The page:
Reconciliation apart from justice is not reconciliation. So, too, biblical justice entails reconciliation. To adapt Immanuel Kant’s famous claim from his critical epistemology and apply it to a critical and constructive model of race reconciliation, it would read: reconciliation without justice is empty; justice without reconciliation is blind. What does each side of this claim look like? We’ll take up each one of these items in successive posts. First, reconciliation without justice is empty. We find an instance of this in Luke’s Gospel. In Luke 19, the account of Zacchaeus reads:
Jesus entered Jericho and was passing through. 2 A man was there by the name of Zacchaeus; he was a chief tax collector and was wealthy. 3 He wanted to see who Jesus was, but because he was short he could not see over the crowd. 4 So he ran ahead and climbed a sycamore-fig tree to see him, since Jesus was coming that way.
5 When Jesus reached the spot, he looked up and said to him, “Zacchaeus, come down immediately. I must stay at your house today.” 6 So he came down at once and welcomed him gladly.
7 All the people saw this and began to mutter, “He has gone to be the guest of a sinner.”
8 But Zacchaeus stood up and said to the Lord, “Look, Lord! Here and now I give half of my possessions to the poor, and if I have cheated anybody out of anything, I will pay back four times the amount.”
9 Jesus said to him, “Today salvation has come to this house, because this man, too, is a son of Abraham. 10 For the Son of Man came to seek and to save the lost.”
Zacchaeus was not simply a tax collector, but a chief tax collector. His wealth was made, at least in part, from cheating people. Jesus’ determination to dine with Zacchaeus at his home did not sit well with the people since Zacchaeus was a sinner: in this case, someone who assisted and benefited from the unwelcome Roman regime by taxing and cheating Rome’s Jewish “subjects.”
We will return to the Zacchaeus story in a successive post to discuss how justice without reconciliation is blind. For now, however, we are focusing simply on how reconciliation apart from justice is empty.
Here we find that Zacchaeus is overwhelmed by Jesus’ presence and mercy. As a result, Zacchaeus responds to God’s reconciling love and repents of his sin. When Jesus hears Zacchaeus’ confession that he will give half of his possessions to the poor, and if he has cheated anyone he will pay back four times the amount, the Lord proclaims that salvation has come to Zacchaeus’ house; he, too, has the faith of Abraham. Abraham’s saving faith was active. He believed God and followed where God led. So, too, with Zacchaeus. In his case, reconciliation with God leads him to go and be reconciled to his fellows whom he has swindled economically; he is moved to pay them back—and with interest. It’s not that Zacchaeus’ actions saved him, but saving faith always entails repentance, as our hearts are transformed by God’s mercy and grace to make things right with those we have wronged.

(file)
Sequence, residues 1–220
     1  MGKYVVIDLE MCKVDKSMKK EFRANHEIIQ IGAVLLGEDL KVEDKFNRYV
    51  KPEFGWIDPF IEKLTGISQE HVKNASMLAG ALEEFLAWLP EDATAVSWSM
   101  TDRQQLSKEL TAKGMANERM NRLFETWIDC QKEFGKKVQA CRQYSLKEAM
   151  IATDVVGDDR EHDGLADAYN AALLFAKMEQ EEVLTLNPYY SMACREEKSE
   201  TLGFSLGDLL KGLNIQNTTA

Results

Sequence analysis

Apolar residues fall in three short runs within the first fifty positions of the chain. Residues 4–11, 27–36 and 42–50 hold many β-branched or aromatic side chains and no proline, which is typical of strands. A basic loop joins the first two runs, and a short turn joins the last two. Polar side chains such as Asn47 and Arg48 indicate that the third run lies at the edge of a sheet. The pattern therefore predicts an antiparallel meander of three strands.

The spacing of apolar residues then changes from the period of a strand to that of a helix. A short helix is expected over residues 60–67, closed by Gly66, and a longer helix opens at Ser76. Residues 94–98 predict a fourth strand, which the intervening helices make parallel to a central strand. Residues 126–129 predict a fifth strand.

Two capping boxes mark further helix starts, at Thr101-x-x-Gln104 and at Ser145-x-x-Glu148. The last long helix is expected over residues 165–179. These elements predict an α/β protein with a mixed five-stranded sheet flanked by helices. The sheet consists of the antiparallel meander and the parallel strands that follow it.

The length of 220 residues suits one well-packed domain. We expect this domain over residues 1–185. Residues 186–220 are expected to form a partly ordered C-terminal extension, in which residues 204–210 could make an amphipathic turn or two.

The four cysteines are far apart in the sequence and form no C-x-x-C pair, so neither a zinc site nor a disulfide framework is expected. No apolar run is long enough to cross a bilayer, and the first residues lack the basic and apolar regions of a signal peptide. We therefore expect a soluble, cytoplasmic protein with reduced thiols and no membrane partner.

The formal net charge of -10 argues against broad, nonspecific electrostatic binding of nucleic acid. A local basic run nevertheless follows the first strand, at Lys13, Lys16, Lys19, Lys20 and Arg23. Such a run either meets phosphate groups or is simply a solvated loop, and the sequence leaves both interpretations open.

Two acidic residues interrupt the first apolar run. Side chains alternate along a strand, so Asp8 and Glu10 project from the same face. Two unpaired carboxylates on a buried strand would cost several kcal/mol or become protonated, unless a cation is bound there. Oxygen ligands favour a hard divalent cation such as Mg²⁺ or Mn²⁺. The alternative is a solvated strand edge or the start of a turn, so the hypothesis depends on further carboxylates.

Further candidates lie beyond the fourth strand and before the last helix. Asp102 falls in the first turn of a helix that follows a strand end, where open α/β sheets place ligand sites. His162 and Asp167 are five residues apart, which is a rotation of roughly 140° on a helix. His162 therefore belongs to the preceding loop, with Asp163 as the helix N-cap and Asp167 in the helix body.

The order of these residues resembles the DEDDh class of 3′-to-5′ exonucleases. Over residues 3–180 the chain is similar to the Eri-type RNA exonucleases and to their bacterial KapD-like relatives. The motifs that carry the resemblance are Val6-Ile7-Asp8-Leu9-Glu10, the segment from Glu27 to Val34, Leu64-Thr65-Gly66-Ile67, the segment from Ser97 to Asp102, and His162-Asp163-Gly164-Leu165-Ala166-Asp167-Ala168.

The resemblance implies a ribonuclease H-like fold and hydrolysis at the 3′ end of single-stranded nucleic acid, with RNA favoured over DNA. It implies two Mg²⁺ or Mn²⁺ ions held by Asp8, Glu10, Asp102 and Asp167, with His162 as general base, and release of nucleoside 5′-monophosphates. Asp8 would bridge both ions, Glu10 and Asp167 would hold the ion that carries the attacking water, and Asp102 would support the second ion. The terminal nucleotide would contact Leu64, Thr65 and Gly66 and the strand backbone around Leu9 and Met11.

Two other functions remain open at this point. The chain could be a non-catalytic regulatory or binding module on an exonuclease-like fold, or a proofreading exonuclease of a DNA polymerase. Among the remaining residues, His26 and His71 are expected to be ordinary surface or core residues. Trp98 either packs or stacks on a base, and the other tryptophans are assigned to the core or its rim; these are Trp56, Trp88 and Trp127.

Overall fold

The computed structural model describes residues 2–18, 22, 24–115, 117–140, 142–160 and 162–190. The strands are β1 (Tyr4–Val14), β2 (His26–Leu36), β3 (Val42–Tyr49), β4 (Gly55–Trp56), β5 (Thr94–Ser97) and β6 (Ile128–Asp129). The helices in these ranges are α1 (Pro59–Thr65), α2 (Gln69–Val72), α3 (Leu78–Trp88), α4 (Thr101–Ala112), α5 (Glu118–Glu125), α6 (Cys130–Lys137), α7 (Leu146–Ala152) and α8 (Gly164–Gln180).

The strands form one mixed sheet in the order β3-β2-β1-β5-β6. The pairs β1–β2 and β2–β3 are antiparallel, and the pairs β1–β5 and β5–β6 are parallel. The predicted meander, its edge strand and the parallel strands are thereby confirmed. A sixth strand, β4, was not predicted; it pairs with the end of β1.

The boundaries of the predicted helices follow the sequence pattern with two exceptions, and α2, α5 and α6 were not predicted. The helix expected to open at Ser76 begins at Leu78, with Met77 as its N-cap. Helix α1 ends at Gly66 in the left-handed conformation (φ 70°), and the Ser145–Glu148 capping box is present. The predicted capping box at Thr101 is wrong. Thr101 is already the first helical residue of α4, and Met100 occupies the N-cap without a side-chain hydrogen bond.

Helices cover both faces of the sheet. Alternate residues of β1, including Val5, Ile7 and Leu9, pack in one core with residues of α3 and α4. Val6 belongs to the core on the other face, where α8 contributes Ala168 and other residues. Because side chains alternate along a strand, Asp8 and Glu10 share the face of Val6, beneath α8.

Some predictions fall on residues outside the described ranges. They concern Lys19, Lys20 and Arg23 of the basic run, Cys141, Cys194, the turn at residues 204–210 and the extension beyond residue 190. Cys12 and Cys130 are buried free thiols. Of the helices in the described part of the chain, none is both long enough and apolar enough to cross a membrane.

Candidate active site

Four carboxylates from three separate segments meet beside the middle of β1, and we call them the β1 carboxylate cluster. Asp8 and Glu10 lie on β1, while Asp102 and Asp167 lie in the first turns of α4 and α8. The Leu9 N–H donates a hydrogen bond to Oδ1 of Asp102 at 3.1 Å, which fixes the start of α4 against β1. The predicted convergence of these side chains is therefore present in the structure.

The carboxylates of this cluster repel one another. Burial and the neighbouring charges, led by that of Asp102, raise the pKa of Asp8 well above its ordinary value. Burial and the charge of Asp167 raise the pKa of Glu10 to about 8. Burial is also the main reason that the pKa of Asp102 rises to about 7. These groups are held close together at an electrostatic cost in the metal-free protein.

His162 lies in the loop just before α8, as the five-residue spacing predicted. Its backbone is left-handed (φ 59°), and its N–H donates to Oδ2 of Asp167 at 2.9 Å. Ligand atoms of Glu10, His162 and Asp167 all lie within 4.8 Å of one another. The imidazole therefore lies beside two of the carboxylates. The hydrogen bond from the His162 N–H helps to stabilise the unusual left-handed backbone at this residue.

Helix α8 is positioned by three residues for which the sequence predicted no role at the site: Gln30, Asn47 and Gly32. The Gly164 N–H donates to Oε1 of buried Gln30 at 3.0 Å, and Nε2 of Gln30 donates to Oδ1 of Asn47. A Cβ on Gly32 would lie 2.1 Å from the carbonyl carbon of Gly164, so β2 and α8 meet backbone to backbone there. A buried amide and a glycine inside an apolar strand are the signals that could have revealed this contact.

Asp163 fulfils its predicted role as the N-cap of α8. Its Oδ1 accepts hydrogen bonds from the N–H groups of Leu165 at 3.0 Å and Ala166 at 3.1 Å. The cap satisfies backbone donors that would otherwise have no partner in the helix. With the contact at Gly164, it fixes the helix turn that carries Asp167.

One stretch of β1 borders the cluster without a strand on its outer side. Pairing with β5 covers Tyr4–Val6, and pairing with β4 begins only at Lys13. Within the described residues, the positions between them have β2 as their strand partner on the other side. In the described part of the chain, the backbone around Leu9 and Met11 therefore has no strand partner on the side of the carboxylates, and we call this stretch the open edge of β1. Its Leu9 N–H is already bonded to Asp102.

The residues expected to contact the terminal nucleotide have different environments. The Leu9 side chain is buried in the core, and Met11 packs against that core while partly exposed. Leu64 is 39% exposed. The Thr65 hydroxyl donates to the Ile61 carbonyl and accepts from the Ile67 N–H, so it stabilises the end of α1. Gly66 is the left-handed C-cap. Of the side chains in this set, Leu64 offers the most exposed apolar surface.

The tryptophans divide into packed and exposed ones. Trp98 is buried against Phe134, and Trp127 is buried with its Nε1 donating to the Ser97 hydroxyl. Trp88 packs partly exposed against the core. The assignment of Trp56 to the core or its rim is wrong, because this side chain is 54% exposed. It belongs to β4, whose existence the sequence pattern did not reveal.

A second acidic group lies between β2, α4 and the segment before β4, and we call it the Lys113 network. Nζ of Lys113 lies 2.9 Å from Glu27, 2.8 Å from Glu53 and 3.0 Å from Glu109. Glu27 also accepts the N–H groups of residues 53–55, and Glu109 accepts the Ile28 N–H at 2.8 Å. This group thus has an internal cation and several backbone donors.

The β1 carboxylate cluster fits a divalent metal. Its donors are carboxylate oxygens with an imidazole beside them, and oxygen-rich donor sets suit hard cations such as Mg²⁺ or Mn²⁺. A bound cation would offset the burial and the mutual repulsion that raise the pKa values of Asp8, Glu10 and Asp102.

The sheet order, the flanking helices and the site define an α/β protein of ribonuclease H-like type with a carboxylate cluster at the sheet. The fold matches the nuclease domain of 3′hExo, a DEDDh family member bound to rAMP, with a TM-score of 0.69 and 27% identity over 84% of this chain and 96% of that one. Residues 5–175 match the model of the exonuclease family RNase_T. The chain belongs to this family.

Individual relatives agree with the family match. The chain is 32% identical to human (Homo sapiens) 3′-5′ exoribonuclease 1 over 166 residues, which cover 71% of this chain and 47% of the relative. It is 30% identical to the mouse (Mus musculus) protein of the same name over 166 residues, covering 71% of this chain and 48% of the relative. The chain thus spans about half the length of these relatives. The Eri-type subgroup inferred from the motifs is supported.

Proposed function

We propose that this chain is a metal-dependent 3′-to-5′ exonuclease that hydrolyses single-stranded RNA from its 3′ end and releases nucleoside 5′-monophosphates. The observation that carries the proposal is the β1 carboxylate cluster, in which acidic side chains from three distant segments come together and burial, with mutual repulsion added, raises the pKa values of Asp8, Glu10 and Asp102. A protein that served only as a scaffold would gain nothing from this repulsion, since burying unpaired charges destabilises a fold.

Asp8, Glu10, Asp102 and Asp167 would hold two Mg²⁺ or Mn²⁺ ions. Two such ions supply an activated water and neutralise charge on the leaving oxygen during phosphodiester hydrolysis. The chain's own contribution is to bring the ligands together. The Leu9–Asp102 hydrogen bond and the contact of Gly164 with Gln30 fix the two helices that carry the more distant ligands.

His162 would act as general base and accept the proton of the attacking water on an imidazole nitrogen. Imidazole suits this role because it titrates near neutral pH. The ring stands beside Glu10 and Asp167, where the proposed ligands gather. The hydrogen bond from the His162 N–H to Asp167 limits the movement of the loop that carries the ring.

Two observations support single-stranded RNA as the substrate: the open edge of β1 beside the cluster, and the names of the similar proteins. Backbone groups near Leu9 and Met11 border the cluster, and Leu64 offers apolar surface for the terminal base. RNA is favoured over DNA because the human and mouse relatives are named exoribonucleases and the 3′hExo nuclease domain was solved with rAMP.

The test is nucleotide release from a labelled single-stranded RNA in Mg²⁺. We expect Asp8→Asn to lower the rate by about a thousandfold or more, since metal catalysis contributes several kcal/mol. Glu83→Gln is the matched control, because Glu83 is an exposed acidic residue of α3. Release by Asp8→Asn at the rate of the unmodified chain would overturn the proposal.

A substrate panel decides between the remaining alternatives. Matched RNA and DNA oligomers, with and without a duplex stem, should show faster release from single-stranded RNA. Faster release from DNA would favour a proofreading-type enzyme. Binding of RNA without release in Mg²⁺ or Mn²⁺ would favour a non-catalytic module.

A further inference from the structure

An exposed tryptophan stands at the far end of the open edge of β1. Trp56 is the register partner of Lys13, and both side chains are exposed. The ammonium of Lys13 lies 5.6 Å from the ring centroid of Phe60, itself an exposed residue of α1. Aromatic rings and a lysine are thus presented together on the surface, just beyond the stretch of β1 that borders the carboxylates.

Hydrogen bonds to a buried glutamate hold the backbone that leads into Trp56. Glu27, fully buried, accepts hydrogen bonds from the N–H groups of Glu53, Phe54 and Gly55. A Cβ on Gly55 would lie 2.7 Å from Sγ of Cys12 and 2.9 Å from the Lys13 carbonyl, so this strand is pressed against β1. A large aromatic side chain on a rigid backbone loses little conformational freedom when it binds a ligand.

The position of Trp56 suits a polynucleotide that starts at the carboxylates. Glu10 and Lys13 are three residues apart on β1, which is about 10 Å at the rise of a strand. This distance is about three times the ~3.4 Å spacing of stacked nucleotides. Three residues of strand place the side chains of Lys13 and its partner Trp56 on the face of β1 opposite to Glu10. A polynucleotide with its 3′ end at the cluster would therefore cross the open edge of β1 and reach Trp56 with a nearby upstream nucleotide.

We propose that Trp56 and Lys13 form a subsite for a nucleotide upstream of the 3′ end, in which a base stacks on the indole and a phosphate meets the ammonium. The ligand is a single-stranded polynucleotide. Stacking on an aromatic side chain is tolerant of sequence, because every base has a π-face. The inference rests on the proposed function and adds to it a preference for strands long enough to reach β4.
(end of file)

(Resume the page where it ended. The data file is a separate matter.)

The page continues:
What would this discussion on Zacchaeus entail for such matters as race reconciliation? To the extent one has cheated someone else—anybody else, but specifically for the purposes of this post, someone of another ethnicity, to that extent one should pay back—and with interest. To the extent one has benefited from an economic system in the United States that has oppressed Native Americans, African Americans, and other people groups over the generations, to that extent repentance economically is also required. Reconciliation that begins and ends with a hugathon is not a marathon race for justice; it is not biblical reconciliation. So, we need to peel off our spiritual bumper stickers that reduce race reconciliation to “Have you hugged a black or native person lately?” My late friend, Lakota Sioux Christian leader Richard Twiss, once said at a conference I attended that white Christians have washed his feet as an act of love and reconciliation; but in the end, all he comes away with as a First Nations Christian is clean feet. Nothing has really changed.
This point also came home to me through the story often attributed to Dr. John M. Perkins who speaks of redistribution as key to Christian community development. The story goes that two teams have been playing baseball for seven innings, one white and the other black. Around the seventh inning, the black team realizes the white team has been cheating the entire game. As a result, the score is 20-0 in the white team’s favor. The white team is confronted and “repents” by saying that they will play fair the rest of the game. The only problem with their repentance is that the score is still 20-0.
In view of the Zacchaeus story, it would be accurate to argue that there is no transformative repentance if nothing is done to rectify the situation: at the very least, the white team needs to award 20 points to the black team, or go back to 0-0.
While it is true that people of various ethnic backgrounds oppress one another and even their own, and while the white majority has also been oppressed in different ways at times, the dominant white culture(s) has been guilty of a far greater share of oppression, including economic oppression.
Here are some questions to address: what does racial repentance entail economically for individuals who have oppressed people of diverse ethnicities? How far can one take the Zacchaeus story to talk about corporate repentance involving economic reparations? How does the Zacchaeus story apply to people who might not directly “tax” and cheat individuals like Zacchaeus did, but who benefit economically in one way or another from such economic oppression? Future posts will address these questions.
This piece is cross-posted at The Institute for the Theology of Culture: New Wine, New Wineskins and at The Christian Post.